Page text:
Child of Light

Ubisoft isn’t exactly a household name when it comes to role-playing games, with their experience in the genre largely restricted to their localization and publication outside Japan of RPGs such as Grandia II and Enchanted Arms. It was with trepidation, then, that the gaming community received the announcement that their Montreal, Quebec, Canada subsidiary was developing a title of the genre. Imagine the relief, however, when the game, Child of Light, released across several consoles, including the PlayStation Vita (the version upon which this review is based), turned out to be pretty solid, and proved that masterpieces can come from the most unexpected places.

The game features exploration akin to the Valkyrie Profile games, with sidescrolling fields and dungeons, alongside visible enemies that the player can temporarily stun with Princess Aurora’s illuminating sidekick to gain surprise attacks; in return, it is possible for foes to take the player’s party off guard. Battles take place with the player’s active party of two characters squaring off against up to three antagonists, with all sharing a turn order meter akin to the Grandia games, a character or enemy beginning to execute their command before a shorter gauge dictating charge time for a particular order, the ability finally occurring once an ally or nemesis finally reaches the rightmost termination of the vector.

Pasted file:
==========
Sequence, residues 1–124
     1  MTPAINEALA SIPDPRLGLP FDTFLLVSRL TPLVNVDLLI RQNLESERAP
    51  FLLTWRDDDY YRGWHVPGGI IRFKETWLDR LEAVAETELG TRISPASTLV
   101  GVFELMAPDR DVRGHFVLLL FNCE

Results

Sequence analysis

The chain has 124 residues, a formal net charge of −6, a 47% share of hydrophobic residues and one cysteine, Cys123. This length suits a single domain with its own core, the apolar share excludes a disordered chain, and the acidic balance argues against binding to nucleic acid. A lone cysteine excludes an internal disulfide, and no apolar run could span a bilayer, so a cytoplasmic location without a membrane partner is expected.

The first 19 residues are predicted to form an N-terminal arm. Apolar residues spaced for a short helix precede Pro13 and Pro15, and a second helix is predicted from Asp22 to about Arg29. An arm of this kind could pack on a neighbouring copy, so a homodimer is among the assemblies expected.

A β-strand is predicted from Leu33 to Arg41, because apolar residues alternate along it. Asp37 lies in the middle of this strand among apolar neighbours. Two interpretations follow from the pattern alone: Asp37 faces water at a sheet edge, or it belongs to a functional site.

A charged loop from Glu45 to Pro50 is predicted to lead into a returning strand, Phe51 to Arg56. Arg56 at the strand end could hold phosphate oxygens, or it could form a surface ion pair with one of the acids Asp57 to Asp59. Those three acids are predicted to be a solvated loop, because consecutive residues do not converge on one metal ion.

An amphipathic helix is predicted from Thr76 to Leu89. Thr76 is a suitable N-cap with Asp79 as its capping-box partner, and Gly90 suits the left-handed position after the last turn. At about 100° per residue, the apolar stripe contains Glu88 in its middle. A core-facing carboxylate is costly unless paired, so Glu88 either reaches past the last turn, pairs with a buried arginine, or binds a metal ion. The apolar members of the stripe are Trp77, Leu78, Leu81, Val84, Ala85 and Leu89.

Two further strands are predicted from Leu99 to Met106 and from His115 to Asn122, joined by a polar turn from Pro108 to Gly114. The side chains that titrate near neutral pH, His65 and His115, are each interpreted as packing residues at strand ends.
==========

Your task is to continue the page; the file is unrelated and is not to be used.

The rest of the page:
Commands include attacking normally, using an MP-consuming skill, defending, using a consumable item (with no shops in the game and consumables only acquired from treasure chests and combat), or escaping. If a character’s offensive attack or skill executes while an enemy’s ability is still charging, then the opponent’s command will be nullified, in the same vein as the cancel attacks of the Grandia games. This can work towards the enemy’s advantage, as well, and many times it’s a good idea to defend if the odds aren’t in the player’s favor. It is possible through the use of Aurora’s light companion to slow down an enemy’s progress on the turn order meter as long as they have the energy to do so, accounting for a nice degree of strategy.

Players can also summon her glowing friend’s energy to recover HP gradually to allies, with a few plants present on the battlefield able to replenish its energy, the plants ultimately coming alight again after a certain amount of time in combat has elapsed. There are MP-consuming healing spells, so typically to save the light’s energy for delaying enemy turns is preferable. Defeating all foes yields experience for Aurora and all her companions, even those that didn’t participate in a victorious fight (the player also able to swap in allies during a character’s turn with no penalty), with level-ups happening almost all the time after combat.